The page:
Undying zombie success

The concept of zombies roaming the Earth has become a type of cultural icon in our society. Many people find movies, series and books centered around the invasion of zombies fascinating. The new show, “The Walking Dead,” and popular campus competition, Human vs. Zombies, both prove that the idea of the living dead has huge panache right now.

Tim Delaney, associate professor of sociology at Oswego, and an expert on popular culture in TV and film, said that the Zombie phenomenon has been around since the “Night of the Living Dead” was released in 1968. “This is when people started to learn about voodoo and the concept of being able to bring someone back to life after they have died,” Delaney said. “We have always been told that when you’re dead, you’re dead, so this was a fascinating concept to us.”

Delaney said he has seen a huge increase in video games with zombie storylines and shows like “Beavis and Butthead,” which recently came back on the air, that incorporate zombies into their plotlines.

Delaney said that the Human vs. Zombies competition has become so popular at Oswego because it gives students a chance to create friendships over a common interest. Zombies are a huge part of popular culture, which means it has become big locally, Delaney said. Oswego is no exception to that, he added.

Many people never tire of the zombie apocalypse because of the individual’s ability to relate to the situation; they put themselves in the position of the zombie hunter or even the zombie.

“If guys have to be dead to be dominant, they’ll do it,” Delaney said. He also explained that zombies appeal more to men because they are by nature more aggressive. “We like seeing blood and guts, not a romantic movie about the forbidden love between a girl and a vampire.”

American Movie Classic’s critically-acclaimed new series, “The Walking Dead,” delivered its strongest telecast for any drama in basic cable history against adults ages 18-49, shattering a basic cable record of 10 years, according to AMC.com.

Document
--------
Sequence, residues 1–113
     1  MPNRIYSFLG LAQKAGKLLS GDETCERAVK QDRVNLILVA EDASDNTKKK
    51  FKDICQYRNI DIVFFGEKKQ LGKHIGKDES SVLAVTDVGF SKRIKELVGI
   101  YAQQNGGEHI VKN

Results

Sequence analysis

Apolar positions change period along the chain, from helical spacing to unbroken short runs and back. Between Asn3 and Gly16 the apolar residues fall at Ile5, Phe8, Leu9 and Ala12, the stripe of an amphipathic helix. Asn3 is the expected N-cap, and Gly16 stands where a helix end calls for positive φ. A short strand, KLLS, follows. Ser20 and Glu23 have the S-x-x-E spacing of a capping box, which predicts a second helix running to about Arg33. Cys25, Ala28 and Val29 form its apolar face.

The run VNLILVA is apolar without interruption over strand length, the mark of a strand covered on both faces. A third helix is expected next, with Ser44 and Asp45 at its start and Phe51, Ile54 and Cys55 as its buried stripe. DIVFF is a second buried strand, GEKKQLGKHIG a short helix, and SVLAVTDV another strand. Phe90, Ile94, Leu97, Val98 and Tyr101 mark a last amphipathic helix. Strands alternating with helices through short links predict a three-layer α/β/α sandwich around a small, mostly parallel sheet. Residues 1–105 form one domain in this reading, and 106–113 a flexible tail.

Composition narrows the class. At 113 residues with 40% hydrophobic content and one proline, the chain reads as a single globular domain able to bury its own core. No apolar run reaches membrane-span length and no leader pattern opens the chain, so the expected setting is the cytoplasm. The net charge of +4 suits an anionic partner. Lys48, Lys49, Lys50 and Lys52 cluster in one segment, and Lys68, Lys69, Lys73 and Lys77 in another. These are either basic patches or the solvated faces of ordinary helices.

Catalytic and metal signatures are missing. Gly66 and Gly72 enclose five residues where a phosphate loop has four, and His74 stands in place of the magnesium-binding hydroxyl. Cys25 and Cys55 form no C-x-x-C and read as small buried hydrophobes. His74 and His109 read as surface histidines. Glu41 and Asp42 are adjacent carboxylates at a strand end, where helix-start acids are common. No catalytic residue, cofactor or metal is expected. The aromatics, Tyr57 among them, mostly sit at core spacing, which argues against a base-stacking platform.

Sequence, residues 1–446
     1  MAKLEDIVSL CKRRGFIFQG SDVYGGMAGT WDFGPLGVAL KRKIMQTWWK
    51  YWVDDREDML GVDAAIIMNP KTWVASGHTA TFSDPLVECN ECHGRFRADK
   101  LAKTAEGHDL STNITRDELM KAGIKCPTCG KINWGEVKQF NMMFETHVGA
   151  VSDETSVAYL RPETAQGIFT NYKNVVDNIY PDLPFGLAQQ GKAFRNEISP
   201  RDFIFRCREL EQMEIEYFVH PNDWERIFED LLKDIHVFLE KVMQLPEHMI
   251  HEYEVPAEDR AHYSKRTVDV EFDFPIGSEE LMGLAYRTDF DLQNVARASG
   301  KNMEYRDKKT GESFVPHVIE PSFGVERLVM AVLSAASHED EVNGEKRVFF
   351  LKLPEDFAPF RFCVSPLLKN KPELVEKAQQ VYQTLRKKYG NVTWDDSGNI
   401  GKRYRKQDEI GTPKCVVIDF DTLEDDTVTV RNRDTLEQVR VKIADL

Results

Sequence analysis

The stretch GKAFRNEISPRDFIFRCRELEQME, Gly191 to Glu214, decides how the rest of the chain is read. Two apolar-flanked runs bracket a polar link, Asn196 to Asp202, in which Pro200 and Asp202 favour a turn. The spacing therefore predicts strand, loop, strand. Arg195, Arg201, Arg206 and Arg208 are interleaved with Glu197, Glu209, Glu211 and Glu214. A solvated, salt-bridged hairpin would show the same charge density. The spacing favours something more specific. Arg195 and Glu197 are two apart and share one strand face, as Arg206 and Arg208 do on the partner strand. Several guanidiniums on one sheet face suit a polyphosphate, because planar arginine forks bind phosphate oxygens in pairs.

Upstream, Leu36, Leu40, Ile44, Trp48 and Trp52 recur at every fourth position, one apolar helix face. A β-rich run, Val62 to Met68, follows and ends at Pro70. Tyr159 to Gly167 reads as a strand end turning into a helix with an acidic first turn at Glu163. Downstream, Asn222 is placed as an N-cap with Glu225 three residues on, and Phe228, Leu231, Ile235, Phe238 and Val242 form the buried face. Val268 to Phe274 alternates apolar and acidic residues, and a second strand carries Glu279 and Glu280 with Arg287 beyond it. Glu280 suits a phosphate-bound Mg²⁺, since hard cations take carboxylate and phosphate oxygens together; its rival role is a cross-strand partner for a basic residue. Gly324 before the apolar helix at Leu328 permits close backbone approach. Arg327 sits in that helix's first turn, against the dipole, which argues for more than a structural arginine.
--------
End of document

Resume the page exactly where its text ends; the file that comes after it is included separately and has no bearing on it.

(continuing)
On Oct. 25 AMC President Charlie Collier announced that the series will be renewed for a third season, according to AMC.com.

The public’s increasing interest with zombies allowed the network to expand the new show, delighting viewers and participates of the series. “We are pleased to announce the ‘dead’ shall live,” Collier said on AMC.com.

“The Walking Dead” captures the on-going drama following a zombie apocalypse. The series, now on its second season, follows a group of survivors, led by Georgia Sherriff Rick Grimes, who are traveling in search of a safe and secure home.

This fascination with the living dead has not only captivated TV buffs but college campuses, as well. Students and faculty at Oswego State have seen an increase in the annual Human vs. Zombies competition run by the Story Tellers’ Guild. Jack Carmody, vice president of the Guild, said it is a well-known game played at other colleges, as well.

“We usually have 100 something players, sometimes over 200,” Carmody said. “People love playing and if they aren’t, most other students find it fun to watch.”

The week-long competition starts with humans and a few zombies and throughout the week, the zombies spread and the humans do their best to survive. Human vs. Zombies is similar to a game of tag Carmody said, but instead the humans get to use nerf guns to tag the zombies.